(1) In 1749 the architect John Wood fixed the date of Bladud about 500 B.C., a date more recent than various chronicles such as Geoffrey of Monmouth's Chronicle of History (1508); Chronicles of England by John de Wavrin, Lord of Forestel (written 1445-1471 and in print 1864); A Manuscript Chronicle from the Creation to Edward IV (c.1480).

Thursday, 2 February 2012

Shakespeare's London: The Liberty of the Clink and Paris Garden

In the time of Shakespeare, pleasure-seeking Londoners headed south across the river to Southwark in the county of Surrey, an entertainment area that offered animal bating, stews (brothels) and plays. Shakespeare's own company, the Lord Chamberlain's Men, relocated there in 1599, rebuilding its theatre in the area known as the Liberty of the Clink. By 1600, Shakespeare, too, had taken up residence in the borough.

Connecting London to Southwark was the one bridge, called, appropriately, London Bridge. It was nearly 350 yards long, with shops and stalls and houses of great splendour, and had a passage about twelve feet wide for the traffic of animals, carts and people to move along. At the London end was a water wheel which pumped river water through lead pipes to houses in the City. Over the gates at either end of the bridge the severed heads of traitors disloyal to the crown were displayed, a grisly warning to any like-minded sympathisers.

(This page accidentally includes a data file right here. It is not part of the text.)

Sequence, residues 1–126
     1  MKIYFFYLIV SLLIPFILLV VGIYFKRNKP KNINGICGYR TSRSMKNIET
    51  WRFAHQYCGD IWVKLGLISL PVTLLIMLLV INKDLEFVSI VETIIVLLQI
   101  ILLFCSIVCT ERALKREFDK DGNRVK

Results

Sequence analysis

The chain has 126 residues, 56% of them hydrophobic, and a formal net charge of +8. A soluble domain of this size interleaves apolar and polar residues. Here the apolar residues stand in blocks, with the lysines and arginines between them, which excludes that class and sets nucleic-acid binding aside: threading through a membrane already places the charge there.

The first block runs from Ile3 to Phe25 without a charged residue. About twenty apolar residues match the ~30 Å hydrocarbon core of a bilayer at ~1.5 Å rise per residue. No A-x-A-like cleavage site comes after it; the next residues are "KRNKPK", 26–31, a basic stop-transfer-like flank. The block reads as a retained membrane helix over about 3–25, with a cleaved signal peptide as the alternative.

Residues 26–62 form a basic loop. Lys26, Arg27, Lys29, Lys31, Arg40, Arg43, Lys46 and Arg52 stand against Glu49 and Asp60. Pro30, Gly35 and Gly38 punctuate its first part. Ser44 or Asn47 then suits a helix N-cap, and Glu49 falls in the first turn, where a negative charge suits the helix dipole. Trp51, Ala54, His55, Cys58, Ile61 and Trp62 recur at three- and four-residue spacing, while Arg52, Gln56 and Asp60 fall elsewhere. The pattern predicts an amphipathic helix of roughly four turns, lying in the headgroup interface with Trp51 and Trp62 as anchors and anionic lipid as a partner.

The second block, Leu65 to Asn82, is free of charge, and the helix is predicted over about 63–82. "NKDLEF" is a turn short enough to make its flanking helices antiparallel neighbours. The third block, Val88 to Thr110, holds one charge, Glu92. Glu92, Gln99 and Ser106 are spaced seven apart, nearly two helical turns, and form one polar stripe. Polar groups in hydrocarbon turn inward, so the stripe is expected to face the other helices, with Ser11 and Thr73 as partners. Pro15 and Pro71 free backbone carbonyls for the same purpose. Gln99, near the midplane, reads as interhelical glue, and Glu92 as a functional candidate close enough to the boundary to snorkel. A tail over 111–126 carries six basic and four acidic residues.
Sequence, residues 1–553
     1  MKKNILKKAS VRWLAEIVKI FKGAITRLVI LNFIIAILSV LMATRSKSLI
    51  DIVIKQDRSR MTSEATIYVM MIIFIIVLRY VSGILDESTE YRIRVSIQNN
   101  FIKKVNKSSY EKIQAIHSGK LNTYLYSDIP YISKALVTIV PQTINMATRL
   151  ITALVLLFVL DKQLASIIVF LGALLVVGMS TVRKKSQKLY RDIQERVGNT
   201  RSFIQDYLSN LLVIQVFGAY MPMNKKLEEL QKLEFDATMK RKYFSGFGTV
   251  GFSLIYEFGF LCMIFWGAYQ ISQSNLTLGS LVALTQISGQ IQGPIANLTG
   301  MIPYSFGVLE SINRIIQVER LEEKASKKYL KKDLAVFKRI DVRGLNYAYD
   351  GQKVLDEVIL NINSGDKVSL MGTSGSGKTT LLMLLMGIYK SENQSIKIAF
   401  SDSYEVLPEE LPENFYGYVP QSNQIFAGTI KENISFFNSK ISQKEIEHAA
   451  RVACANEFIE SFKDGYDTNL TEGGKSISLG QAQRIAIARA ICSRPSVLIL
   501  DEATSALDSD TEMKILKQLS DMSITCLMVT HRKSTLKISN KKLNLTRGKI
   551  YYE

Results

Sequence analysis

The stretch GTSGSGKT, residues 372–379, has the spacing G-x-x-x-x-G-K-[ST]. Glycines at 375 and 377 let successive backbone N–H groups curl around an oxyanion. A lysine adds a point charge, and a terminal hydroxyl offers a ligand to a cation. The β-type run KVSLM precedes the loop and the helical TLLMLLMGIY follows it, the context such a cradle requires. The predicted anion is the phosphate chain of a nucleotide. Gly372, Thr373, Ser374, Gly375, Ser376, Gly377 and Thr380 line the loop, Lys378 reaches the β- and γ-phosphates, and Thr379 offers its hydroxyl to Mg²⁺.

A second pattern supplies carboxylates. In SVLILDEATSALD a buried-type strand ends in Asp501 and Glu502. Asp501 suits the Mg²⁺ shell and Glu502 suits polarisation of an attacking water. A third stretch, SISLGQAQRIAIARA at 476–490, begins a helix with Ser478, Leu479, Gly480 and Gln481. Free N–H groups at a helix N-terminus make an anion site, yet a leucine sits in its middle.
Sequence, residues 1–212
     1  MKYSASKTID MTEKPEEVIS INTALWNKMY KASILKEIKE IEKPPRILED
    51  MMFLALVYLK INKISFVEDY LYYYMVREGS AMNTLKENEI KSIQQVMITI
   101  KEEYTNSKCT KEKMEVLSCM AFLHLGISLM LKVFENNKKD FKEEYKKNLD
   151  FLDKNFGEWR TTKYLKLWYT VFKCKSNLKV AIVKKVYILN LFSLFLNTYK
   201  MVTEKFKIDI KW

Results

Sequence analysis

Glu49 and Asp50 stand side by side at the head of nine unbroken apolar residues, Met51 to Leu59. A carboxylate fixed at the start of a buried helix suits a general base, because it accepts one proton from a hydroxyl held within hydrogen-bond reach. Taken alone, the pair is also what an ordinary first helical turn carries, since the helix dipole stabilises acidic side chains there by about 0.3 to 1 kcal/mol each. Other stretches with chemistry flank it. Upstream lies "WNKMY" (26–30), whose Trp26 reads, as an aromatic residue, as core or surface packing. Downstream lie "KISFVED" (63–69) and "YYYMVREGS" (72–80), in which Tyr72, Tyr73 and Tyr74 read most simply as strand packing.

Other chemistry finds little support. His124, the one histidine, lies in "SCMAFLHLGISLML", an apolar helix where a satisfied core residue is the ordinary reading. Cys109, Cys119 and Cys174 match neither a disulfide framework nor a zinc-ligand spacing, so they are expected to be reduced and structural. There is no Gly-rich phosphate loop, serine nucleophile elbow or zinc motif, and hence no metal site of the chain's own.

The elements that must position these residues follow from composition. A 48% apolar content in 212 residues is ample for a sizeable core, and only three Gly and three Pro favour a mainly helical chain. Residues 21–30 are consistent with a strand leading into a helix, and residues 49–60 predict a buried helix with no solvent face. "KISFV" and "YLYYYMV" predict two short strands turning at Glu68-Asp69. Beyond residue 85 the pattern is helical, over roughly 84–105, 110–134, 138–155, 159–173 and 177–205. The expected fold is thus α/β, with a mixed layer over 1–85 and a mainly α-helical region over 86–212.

About half the bridge's breadth was composed of massive piers, which caused the tide to bank up, and for the water to rush in a torrential flow through the arches. Navigating a small boat through the arches, known as 'shooting the bridge', was a very risky manoeuvre, and therefore a challenging attraction for gallants eager to impress.